Writers: Peter Eastbrook, Jonathan Higgs
Directors: Peter Eastbrook, Jonathan Higgs, Hamish Lawson
Reviewer: Hannah Hiett
The Public Reviews Rating:
Performers performing performers performing. Yes I know. Daunting. But also intriguing, rich with possibilities and, as it shouts from the top it’s lungs on press release and programme alike, dead ‘Fringe’.
Considering the limitations of an hour long run-time, Malengin (the creative combination of Peter Eastbrook and Jonathan Higgs) seem to have tried to cram a lot of ideas in. The story spans approximately ten years from a chance meeting between a suicidal comedy writer and an anxious member of staff at ‘Happy Endings Funeral Services’. The circumstances, and the consequences, of this meeting inform the story-telling style of the entire production.
The opening scene involves a drunk falling out of a cemetery tree and being tended to by ‘Happy Endings’ Mike (Eastbrook). The same tree-fall opener initiates the partnership of Niall (Higgs) and Mike, except this time the fall is the result of an abortive suicide attempt. The farcical motif is repeated a third time but, it is revealed, is a cut to a future scene for a comedy sketch drawn from the earlier ‘real life’ incident. A little bit confusing, certainly, but not yet too difficult. However as the sketchy nature of the play progresses, the structure of the play becomes increasingly unstable to the point where the story took on an ‘Inception’-like complexity: what level of the performance/fantasy/nightmare are we in right now, the script demands. Despite some excellent performances from the cast as a whole, the play was a little let down by the focus on interrogating the ideas of performativity and self-reference, to the detriment of the narrative. The question one can’t help posing is ‘what about the drunk?’ – a figure who proposes yet another layer of meta-ness – the possibility that the moment with the drunk may be, in fact, THE ONLY REAL THING THAT HAPPENS. In short, it’s a little too ambitious. But some cleaning up and paring down could do wonders for the writing.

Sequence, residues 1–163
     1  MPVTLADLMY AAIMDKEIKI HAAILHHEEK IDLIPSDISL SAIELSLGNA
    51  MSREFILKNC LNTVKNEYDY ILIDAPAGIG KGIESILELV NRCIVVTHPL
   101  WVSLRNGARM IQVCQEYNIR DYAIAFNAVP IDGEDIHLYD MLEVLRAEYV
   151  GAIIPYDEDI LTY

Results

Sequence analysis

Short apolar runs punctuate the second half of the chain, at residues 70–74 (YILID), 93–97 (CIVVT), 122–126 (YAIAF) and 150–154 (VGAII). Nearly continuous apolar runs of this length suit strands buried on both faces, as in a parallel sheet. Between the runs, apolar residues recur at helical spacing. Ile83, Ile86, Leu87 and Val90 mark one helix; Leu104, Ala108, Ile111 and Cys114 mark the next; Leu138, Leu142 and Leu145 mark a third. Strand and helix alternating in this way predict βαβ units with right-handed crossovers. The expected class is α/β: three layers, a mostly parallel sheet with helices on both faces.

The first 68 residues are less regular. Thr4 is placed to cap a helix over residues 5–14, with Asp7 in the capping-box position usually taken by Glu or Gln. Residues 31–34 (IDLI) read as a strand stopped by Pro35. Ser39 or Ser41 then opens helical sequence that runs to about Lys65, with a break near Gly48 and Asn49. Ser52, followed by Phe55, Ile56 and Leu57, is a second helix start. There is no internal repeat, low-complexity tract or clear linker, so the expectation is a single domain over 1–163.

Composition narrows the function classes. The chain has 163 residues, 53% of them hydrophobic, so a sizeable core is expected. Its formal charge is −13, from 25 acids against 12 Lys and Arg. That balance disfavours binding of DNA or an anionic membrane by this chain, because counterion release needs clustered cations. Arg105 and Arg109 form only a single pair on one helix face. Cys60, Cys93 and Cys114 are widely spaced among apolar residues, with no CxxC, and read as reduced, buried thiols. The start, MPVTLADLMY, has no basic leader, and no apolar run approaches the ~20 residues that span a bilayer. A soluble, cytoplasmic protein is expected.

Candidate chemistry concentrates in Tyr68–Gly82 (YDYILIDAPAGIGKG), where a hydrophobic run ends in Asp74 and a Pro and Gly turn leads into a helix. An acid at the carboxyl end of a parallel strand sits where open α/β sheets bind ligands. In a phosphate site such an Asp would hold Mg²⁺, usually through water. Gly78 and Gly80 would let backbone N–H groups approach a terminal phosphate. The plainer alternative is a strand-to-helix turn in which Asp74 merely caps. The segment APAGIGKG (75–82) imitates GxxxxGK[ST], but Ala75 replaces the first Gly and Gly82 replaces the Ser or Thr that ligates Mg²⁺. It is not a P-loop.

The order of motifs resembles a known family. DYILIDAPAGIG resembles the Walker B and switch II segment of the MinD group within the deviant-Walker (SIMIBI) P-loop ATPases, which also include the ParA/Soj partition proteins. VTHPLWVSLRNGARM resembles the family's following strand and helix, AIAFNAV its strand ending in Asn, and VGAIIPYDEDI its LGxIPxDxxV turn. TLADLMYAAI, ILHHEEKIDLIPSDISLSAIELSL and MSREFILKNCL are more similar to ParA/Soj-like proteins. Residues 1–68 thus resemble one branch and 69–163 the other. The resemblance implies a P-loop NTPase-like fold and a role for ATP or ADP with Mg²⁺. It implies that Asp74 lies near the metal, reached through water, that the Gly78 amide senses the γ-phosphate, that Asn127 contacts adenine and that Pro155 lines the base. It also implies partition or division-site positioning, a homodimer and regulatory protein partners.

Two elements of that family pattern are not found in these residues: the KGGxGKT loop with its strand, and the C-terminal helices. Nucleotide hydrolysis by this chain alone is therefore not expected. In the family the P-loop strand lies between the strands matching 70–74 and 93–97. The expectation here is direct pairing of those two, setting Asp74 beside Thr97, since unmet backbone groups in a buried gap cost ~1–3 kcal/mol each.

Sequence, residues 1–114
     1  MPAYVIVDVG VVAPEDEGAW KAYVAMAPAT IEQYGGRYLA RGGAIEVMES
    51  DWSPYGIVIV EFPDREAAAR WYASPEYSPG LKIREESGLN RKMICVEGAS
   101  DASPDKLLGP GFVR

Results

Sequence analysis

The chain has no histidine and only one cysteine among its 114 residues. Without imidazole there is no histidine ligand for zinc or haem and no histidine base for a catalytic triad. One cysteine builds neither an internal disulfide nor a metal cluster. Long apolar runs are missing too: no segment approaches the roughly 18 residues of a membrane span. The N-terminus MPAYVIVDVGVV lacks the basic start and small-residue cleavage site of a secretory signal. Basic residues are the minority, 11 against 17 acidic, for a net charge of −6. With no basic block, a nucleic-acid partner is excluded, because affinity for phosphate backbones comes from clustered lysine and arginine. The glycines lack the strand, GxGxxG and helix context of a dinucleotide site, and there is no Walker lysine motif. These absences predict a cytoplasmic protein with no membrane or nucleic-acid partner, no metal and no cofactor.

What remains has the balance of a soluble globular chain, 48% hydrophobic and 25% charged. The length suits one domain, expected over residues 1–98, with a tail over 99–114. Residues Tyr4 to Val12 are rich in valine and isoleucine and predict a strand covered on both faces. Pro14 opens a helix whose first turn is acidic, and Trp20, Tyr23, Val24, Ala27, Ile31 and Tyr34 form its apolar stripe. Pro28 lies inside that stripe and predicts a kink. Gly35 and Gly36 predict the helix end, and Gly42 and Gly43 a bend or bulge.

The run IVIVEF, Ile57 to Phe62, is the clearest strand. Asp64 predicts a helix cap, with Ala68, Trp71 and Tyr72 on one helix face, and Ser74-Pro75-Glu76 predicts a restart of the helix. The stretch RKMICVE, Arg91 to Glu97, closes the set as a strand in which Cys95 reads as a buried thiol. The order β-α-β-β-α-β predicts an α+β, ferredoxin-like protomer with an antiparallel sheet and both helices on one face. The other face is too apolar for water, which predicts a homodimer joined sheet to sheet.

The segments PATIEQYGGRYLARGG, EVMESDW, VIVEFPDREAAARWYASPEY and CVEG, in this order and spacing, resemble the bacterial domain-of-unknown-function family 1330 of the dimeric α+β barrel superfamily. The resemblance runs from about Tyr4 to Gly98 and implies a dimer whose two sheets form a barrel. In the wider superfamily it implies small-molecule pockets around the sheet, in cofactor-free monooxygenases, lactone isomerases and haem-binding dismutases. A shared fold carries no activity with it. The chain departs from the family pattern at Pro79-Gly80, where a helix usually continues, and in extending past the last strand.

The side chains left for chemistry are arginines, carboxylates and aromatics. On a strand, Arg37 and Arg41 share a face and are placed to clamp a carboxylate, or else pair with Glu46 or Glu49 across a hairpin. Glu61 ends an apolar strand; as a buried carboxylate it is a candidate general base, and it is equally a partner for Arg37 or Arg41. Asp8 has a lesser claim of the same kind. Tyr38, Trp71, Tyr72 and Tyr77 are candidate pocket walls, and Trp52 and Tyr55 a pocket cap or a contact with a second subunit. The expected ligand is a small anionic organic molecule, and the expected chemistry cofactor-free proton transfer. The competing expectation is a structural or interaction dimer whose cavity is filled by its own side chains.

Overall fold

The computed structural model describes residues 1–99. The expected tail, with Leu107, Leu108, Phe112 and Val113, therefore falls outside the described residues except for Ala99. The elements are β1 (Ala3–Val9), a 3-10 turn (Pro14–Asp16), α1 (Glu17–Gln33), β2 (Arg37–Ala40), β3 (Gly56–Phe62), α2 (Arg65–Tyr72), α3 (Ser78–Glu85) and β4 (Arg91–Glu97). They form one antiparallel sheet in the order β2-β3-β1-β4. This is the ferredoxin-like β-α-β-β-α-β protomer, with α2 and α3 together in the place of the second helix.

There were, however, some choice moments where the potential of Eastbrook and Higg’s original writing really shone. The slightly surreal interviews in the second half of the performance also provide excellent material for showcasing the talent and versatility of Mick Cooper and Gareth Williams; Williams and his colourful battery of accents and arresting stage presence especially standing out as Freddy Rodd and Jimmy Krauss.
Jonathan Higgs lacks the natural swagger to seem quite right for the part of an egotistical diva with a poorly aligned moral compass. He works much better in his nice guy incarnation at the beginning of the play, however, his character development comes through this murky patch, the bitter despair which eventually drives him into a complex prison of his own fictional existence is well-expressed and at times genuinely gripping.
Credit must go to Peter Eastbrook, whose Niall Johnson was so believably awkward that I assumed he wasn’t really acting (I met him though, and he’s perfectly able to hold a conversation). Niall visibly flowered as his confidence grew as a performer in a way that was impressive to witness and demonstrated the psychological depth of the character as well as Eastbrook’s sensitive development of the role.